Doubling down on dishonesty
I don’t feel personally victimized, as I did by HHS Secretary Kathleen Sebelius when she made assurances in two different cities this summer and fall to me and roomfuls of state legislators that the website would be ready on schedule. She said they had tested it, which turns out not to be true, and that her agency was ready to respond in 50 different languages to the phone calls, which I doubt was ever in the offing.
The president “misspoke,” according to an editorial in the New York Times last week, when he said two dozen times all over the country over a period of years that people could keep both their health care plans and their doctors if they chose
I am surprised that the promises made about bending down the cost curve are not mentioned. I imagine part of the White House inclination to keep spinning is that there have been no noticeable adverse consequences to this administration about the claim that the new law would actually save taxpayers money. I suppose that defenders of the program can always assert, when challenged, that the premiums didn’t go up as much as they would have if nothing was done, or that “it hasn’t had a chance to work yet” – a real favorite, which is also apparently going to be true for some time.
I well remember a Newsweek correspondent on the weekend news show during the 2009 health care debate in Congress marveling that the president and legislative Democrats were still promising that it would happen, but that “an eight-year-old” would not believe that the government could provide health insurance for 35 or 40 million more people “and save money doing it.”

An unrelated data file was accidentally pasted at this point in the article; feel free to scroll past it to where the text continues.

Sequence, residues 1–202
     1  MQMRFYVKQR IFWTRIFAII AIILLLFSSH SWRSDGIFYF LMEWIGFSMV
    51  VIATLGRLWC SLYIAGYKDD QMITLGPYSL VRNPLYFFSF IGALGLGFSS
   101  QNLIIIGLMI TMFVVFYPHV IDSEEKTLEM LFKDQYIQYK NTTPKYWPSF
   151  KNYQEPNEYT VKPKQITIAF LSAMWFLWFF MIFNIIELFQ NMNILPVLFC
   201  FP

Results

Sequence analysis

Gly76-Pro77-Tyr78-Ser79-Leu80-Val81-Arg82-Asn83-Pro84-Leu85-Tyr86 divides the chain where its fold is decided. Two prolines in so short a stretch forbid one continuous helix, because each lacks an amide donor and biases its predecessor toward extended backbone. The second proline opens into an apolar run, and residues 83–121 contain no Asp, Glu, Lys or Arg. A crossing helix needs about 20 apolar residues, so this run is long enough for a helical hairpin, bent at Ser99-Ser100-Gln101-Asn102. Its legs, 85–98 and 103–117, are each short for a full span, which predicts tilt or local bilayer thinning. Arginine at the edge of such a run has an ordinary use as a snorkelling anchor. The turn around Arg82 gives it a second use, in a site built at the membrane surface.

If promising government fixes and solutions has already gotten us into deep financial trouble, why are government leaders so intent on ratcheting up to hyper promising? Is it because they believe we so discount what they say that a candidate or a government official must exaggerate to get our attention? Is it just part of political DNA? Attempting to explain an outcome not consistent with the promise and then the compensating overpromise begets more untruths and lame explanations for failure.
When the technical people consulting on the federal health-care website happen to mention in a Fox News interview that it crashed with just 200 people were trying to visit or log on, why should every official in the Obama administration feel the compulsion to tell us that it collapsed under the weight of millions of people, all of whom were, of course, trying to end their frustration at being locked out of the system for most of their lives? This hyperbole is not limited to Washington, by the way. Yesterday, in my Kroger supermarket, a voice announced an in-store donation site to help out the “one out of every six people in Ohio who don’t know where their next meal is coming from.” Really?